Training & Fitness

Brick Workout

brick workout by Felipe Loureiro

What is a Brick Workout?
Bricks refer to training two different disciplines during the same workout.

Brick Workouts are an essential part of triathlon training, helping to simulate race effort with 2 combined sports (swim/run, bike/run, swim/bike)

Here is one of my favorite brick workouts: A Run/Bike/Run Brick Workout that includes practicing quick transitions.

RUN: 2 miles at a very comfortable pace (60% effort)

TRANSITION 1 (Run to Bike): Set your bike up with your shoes attached to the pedals. Use rubber bands looped between the heels and frame to hold the shoes in a horizontal position. Once on the bike, start pedaling with your feet on top of your shoes. When you are cruising at speed, coast and slip your feet into your shoes. Keep your eyes ahead on the road, not down at your feet.

BIKE: 12 miles = 4 miles focusing on high cadence (70% effort) + 4 miles at your race pace effort (80%) + 4 miles closer to your maximum effort (90%)

TRANSITION 2 (Bike to Run): As you are returning from the bike, slip your feet out of your shoes before you reach the transition area. Practice this skill first during training and be sure to gain confidence in this skill before race day!

RUN: 2 miles at your race effort (80%) *FINISHING STRONG

Brick Workouts like this are a perfect way to prepare yourself physically and mentally for your race!

brick workout

*Set up your bike and run gears as you would for race day. Lay all of your gear out in the exact same way you are planning to race. The key is to complete your transitions as fast as possible, so remember “every second counts”.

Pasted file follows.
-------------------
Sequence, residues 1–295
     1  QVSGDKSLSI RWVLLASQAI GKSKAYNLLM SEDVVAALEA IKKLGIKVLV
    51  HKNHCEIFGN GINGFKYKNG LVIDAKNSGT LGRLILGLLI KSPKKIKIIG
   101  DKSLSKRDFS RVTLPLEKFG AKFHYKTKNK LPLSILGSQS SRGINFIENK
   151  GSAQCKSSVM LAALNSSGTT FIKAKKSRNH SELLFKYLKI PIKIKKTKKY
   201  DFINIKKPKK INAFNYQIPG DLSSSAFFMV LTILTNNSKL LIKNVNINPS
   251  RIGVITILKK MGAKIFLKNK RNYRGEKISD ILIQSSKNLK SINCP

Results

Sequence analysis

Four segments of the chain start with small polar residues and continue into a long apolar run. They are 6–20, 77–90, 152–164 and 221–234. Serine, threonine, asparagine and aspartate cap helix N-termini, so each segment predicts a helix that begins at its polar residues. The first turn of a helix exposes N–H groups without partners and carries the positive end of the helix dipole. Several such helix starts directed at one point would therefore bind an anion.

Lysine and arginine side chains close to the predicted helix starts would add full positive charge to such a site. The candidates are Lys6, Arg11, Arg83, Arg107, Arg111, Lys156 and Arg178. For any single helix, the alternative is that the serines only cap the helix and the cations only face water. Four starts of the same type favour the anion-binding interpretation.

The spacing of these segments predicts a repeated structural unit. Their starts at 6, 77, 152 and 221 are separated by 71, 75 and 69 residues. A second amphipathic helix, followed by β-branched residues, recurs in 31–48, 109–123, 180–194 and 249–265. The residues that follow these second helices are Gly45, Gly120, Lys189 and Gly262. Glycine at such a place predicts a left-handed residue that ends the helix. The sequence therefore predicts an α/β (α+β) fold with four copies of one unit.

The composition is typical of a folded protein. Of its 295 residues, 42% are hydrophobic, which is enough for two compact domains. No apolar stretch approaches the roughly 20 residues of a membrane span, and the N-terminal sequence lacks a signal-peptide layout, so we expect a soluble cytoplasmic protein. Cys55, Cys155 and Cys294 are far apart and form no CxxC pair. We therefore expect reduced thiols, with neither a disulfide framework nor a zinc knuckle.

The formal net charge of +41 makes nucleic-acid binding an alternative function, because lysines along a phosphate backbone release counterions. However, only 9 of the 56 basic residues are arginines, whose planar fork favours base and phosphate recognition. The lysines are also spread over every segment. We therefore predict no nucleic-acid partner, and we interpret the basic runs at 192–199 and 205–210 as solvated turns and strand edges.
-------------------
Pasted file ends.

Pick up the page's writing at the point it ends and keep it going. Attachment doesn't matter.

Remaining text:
Learn this skill first during a training practice, before race day!

felipeFelipe Loureiro has been successful in triathlon at all levels – from amateur to pro – accumulating over 26 years of experience in the sport and coaching. His athletic success came as he coached others and grew a business. He knows what it takes for you to succeed in any multisport discipline despite your busy schedule.

Training & Fitness, Uncategorized, Video

Standing Tall

egoscueWe all know that one of the keys to a faster performance, is a more efficient swim stroke, bike pedal or running stride.  But how does an athlete improve this efficiency and can improving ones posture translate to increased athletic performance?  In this article we are going to discuss the crucial role posture plays in athletic success, ways to improve posture and look at the effectiveness of orthotics.

Our bodies are made to move.  Each muscle has a specific job and if it does not receive the stimulus it needs to move, the muscles will eventually become dysfunctional and the result is pain in the form of a spasm, tightness or burning sensation.  The opposite is true as well.  If you overwork a muscle, the same unpleasant sensations occur.  Athletes have a special relationship with their bodies and know when the effects of putting in countless hours in the lap pool and miles on the road have caught up.  I interviewed posture specialist Brian Bradley from the Egoscue Method clinic in Del Mar, CA regarding the delicate relationship between posture and athletic performance.

MG: 1. What is your opinion on orthotics?